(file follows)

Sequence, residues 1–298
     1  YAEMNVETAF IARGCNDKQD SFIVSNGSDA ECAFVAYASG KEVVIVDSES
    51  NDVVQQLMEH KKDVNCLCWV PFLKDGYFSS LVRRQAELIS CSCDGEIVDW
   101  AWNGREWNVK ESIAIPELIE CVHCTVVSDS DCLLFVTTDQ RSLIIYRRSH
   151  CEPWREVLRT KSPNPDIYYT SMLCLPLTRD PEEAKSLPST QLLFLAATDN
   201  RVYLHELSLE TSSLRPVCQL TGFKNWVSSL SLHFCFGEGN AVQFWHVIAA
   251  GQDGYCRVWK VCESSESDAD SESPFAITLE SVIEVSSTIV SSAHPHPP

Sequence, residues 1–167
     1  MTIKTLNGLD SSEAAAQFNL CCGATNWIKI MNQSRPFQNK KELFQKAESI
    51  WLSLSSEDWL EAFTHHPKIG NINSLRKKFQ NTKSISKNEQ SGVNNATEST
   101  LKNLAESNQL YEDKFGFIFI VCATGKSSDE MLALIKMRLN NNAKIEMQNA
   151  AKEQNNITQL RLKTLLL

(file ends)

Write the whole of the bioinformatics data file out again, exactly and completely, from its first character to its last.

Sequence, residues 1–298
     1  YAEMNVETAF IARGCNDKQD SFIVSNGSDA ECAFVAYASG KEVVIVDSES
    51  NDVVQQLMEH KKDVNCLCWV PFLKDGYFSS LVRRQAELIS CSCDGEIVDW
   101  AWNGREWNVK ESIAIPELIE CVHCTVVSDS DCLLFVTTDQ RSLIIYRRSH
   151  CEPWREVLRT KSPNPDIYYT SMLCLPLTRD PEEAKSLPST QLLFLAATDN
   201  RVYLHELSLE TSSLRPVCQL TGFKNWVSSL SLHFCFGEGN AVQFWHVIAA
   251  GQDGYCRVWK VCESSESDAD SESPFAITLE SVIEVSSTIV SSAHPHPP

Sequence, residues 1–167
     1  MTIKTLNGLD SSEAAAQFNL CCGATNWIKI MNQSRPFQNK KELFQKAESI
    51  WLSLSSEDWL EAFTHHPKIG NINSLRKKFQ NTKSISKNEQ SGVNNATEST
   101  LKNLAESNQL YEDKFGFIFI VCATGKSSDE MLALIKMRLN NNAKIEMQNA
   151  AKEQNNITQL RLKTLLL